Spokane River

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Spokane River
Spokane river 1909.jpg
Spokane River in Lincoln County, 1909
Spokane River watershed
EtymologySpokane tribe, the "sun people"[1]
CountryUnited States
StateWashington, Idaho
CountyKootenai, Spokane,
Stevens, Lincoln
Physical characteristics
SourceLake Coeur d'Alene
 • locationKootenai County, Idaho
 • coordinates47°40′41″N 117°07′34″W / 47.67806°N 117.12611°W / 47.67806; -117.12611[2]
 • elevation1,994 ft (608 m)[3]
MouthColumbia River at
 • location
Lake Roosevelt, Washington
 • coordinates
47°53′38″N 118°20′03″W / 47.89389°N 118.33417°W / 47.89389; -118.33417Coordinates: 47°53′38″N 118°20′03″W / 47.89389°N 118.33417°W / 47.89389; -118.33417[2]
 • elevation
1,293 ft (394 m)[2]
Length111 mi (179 km)[4]
Basin size6,020 sq mi (15,600 km2)[5]
 • locationmouth, max and min at Long Lake Dam[5]
 • average7,946 cu ft/s (225.0 m3/s)[5]
 • minimum90 cu ft/s (2.5 m3/s)
 • maximum49,700 cu ft/s (1,410 m3/s)

The Spokane River is a tributary of the Columbia River, approximately 111 miles (179 km) long, in northern Idaho and eastern Washington in the United States. It drains a low mountainous area east of the Columbia, passing through the Spokane Valley and the city of Spokane, Washington.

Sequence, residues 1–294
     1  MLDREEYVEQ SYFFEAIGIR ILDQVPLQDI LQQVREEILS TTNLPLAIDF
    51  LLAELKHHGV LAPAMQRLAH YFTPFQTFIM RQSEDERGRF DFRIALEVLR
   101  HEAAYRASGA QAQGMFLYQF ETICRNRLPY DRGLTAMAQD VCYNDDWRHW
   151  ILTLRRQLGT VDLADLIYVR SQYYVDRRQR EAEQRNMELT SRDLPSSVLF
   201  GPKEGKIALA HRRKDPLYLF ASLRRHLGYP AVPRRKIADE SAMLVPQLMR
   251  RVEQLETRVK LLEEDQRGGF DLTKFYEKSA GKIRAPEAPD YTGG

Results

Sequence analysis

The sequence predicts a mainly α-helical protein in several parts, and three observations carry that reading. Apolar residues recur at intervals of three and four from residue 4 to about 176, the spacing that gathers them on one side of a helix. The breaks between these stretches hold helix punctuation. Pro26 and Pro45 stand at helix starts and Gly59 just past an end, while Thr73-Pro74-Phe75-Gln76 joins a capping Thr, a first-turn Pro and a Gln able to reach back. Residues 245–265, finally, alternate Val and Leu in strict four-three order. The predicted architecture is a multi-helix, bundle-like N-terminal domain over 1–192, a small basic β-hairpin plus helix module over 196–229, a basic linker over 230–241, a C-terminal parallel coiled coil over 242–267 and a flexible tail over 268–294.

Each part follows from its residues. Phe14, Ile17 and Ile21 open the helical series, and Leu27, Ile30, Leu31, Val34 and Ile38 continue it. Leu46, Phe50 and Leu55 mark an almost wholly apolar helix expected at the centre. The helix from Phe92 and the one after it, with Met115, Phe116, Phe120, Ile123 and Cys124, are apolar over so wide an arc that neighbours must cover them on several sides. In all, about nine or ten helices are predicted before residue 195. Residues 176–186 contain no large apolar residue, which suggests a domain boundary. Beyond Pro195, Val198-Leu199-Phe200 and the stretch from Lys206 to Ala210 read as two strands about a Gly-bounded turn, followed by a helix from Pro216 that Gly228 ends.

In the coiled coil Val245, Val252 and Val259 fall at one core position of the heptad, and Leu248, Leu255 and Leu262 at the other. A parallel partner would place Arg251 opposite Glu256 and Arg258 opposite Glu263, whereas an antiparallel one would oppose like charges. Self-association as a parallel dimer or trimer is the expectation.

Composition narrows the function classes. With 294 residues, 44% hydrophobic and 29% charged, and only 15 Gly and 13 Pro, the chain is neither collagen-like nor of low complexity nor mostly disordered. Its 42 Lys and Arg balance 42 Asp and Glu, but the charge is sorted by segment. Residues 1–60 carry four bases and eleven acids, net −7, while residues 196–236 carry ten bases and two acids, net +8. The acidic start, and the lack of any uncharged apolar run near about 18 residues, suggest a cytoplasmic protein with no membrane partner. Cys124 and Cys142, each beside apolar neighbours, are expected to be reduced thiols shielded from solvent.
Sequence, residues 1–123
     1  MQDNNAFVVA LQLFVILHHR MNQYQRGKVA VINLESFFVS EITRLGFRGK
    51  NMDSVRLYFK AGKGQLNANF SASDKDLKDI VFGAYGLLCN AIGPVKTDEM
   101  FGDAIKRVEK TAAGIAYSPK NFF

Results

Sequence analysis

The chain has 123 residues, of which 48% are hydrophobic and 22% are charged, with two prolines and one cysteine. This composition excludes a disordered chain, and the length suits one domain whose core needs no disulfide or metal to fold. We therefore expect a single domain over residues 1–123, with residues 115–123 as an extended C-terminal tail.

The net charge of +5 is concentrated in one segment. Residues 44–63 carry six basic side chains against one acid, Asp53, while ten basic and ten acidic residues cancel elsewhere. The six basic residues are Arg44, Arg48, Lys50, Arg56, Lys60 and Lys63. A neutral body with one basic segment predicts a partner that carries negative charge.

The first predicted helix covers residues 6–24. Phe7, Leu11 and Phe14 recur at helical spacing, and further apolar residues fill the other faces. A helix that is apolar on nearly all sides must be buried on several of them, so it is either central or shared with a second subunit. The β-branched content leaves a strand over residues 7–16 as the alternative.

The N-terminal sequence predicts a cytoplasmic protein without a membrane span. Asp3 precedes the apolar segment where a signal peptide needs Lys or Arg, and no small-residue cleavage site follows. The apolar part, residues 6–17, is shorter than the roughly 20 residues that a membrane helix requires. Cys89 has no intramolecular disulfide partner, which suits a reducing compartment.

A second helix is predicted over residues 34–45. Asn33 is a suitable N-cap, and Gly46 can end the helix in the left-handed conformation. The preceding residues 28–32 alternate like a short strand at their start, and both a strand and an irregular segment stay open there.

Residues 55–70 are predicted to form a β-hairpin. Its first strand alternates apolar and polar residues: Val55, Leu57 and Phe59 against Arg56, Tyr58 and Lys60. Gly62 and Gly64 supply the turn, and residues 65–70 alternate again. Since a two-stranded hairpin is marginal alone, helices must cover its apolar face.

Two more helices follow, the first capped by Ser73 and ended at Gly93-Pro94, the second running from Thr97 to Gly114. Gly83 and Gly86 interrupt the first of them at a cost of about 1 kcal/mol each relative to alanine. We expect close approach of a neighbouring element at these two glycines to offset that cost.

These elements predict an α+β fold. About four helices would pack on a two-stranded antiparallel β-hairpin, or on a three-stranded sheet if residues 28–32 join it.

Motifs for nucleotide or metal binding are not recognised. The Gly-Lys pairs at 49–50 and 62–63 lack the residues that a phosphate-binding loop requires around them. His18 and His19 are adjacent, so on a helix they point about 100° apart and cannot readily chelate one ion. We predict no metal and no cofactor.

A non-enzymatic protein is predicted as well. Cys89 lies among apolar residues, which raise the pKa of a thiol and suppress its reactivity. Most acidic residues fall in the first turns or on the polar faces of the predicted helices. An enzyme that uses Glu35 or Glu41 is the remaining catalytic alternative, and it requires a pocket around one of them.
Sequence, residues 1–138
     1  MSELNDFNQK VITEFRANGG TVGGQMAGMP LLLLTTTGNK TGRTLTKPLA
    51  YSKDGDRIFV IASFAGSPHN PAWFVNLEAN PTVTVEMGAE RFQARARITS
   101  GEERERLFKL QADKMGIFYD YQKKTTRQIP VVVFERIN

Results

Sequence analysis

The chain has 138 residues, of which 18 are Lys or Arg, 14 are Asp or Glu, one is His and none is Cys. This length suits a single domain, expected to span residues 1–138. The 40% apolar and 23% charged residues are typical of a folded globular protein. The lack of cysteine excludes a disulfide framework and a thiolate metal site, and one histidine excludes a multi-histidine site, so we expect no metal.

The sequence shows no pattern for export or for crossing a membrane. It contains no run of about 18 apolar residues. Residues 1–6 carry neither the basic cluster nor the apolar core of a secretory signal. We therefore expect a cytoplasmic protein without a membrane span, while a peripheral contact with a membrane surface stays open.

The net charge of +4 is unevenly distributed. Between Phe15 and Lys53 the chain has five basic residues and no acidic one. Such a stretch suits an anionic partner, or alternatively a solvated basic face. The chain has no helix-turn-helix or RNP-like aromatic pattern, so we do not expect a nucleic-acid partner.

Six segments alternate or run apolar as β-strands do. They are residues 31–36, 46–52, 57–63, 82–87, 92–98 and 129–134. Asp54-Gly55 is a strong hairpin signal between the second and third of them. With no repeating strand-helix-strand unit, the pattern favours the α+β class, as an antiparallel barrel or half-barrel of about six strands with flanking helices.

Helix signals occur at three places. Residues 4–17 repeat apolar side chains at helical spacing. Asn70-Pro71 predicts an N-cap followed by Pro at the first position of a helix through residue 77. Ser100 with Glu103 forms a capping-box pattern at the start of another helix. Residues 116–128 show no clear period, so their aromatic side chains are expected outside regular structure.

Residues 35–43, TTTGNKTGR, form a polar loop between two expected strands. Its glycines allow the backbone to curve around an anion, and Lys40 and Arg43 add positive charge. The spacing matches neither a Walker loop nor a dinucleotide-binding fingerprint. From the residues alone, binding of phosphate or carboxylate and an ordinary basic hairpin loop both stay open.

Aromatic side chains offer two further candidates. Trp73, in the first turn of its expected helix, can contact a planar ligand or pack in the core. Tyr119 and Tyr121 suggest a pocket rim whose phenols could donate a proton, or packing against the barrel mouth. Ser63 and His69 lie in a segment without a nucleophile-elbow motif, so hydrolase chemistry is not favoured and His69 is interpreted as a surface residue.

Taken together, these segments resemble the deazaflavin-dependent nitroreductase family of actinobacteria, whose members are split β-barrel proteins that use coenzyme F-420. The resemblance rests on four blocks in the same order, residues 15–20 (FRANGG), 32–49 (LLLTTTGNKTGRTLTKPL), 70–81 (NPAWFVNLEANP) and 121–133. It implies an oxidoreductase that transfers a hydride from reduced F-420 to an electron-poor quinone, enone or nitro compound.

The Spokane River drains the northern part of Lake Coeur d'Alene in the Idaho Panhandle, emptying into the Columbia River at Franklin D. Roosevelt Lake, approximately 180 km downstream.[6][7]

From Lake Coeur d'Alene, the Spokane River traverses the Rathdrum Prairie until reaching Post Falls, Idaho where it passes over a dam, and a natural 40-foot waterfall. Continuing westward it passes over 6 more dams, three of which (Upriver Dam, Upper Falls Dam, Monroe Street Dam) are located in the city of Spokane.[6] In Spokane, it flows over the Spokane Falls, which are located in the heart of Downtown Spokane,[6] approximately one third of the way down the river's length.[8] About a mile later,[citation needed] the river receives Latah Creek from the southeast.[8] Soon afterwards, it is met from the northeast[8] by the Little Spokane River, on the western edge of the city of Spokane.[6] It flows in a zigzag course along the southern edge of the Selkirk Mountains, forming the southern boundary of the Spokane Indian Reservation, where it is impounded by the Long Lake Dam to form Long Lake, a 15 mi (24 km) reservoir. It joins Franklin D. Roosevelt Lake on the Columbia from the east at Miles. The site of historic Fort Spokane is located at the confluence of the Spokane and Columbia rivers.[9]

The Spokane River's entire drainage basin is about 6,240 square miles (16,200 km2) large, of which 3,840 square miles (9,900 km2) are above Post Falls Dam at the outlet of Coeur d'Alene Lake.[10] Its mean annual discharge is 7,946 cubic feet per second (225 m3/s).[5]